George Mallory, the famous British mountaineer who lost his life ascending Mt. Everest, was asked in 1924 why he would attempt that climb. His reply is among the most famous about mountaineering: “Because it’s there”.
Similarly, IWC’s Grande Complication watches, especially the Portugieser Grande Complication, represent the pinnacle of traditional watchmaking. A great watch manufacture needs to make such a watch –because it’s there. This watch is at the peak of horology. There is a history of technical development and artisan skill, at the highest level, embedded in each Grande Complication watch that leaves the IWC factory.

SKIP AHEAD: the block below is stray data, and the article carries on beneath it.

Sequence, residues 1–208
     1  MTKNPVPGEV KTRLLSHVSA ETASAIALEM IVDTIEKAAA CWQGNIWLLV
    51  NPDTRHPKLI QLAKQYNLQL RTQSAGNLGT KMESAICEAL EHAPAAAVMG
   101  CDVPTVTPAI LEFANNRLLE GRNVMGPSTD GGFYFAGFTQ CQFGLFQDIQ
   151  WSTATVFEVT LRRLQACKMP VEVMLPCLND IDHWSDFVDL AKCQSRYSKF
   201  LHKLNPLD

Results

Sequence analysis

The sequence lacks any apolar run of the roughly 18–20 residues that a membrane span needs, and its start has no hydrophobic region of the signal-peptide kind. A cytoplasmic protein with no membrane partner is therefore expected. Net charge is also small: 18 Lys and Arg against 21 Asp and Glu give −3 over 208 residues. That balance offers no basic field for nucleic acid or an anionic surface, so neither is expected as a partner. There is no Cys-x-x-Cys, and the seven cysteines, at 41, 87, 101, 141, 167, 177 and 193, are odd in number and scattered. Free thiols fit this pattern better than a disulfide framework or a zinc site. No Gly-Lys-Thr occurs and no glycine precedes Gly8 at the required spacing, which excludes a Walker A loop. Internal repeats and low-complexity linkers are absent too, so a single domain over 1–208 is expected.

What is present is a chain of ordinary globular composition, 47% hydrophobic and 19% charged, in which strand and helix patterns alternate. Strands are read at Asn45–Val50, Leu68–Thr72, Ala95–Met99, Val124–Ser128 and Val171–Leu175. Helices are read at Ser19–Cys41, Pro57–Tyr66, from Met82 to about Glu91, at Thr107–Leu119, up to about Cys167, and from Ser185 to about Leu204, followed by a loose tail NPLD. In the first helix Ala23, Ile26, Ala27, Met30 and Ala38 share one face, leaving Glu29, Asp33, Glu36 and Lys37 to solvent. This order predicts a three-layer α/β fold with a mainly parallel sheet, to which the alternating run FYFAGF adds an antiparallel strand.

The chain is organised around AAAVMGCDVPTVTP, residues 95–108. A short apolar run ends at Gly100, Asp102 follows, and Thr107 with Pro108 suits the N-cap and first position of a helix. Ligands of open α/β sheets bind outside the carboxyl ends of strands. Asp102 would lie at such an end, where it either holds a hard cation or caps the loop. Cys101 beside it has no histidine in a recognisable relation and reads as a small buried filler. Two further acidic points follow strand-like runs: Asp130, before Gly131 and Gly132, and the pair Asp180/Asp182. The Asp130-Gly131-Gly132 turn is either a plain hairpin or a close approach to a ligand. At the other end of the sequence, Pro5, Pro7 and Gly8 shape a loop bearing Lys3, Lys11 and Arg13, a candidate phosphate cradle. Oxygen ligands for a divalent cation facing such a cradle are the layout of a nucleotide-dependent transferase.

Correspondingly, the watch collector who has the means must seriously consider owning such a watch –because it’s there. It represents all that is great about watchmaking. It represents the science and art of watchmaking taken to the nth degree. It becomes the pinnacle of any great watch collection.
But, unlike mountain climbing, the Grande Complication has a purpose. Beyond being a symbol of accomplishment, the watch serves several purposes with its multiple functions. It tells everything necessary about time: it tells the time and date, always. It tells elapsed time with its chronograph function. And it tells time not just visually, but also audibly.
A simple mechanical watch might contain perhaps 180 finely-crafted parts, with 18 or 21 jewels considered today as the minimum needed for a basic movement. These parts are all exquisitely finished and hand assembled. Edges are chamfered and pinions are polished.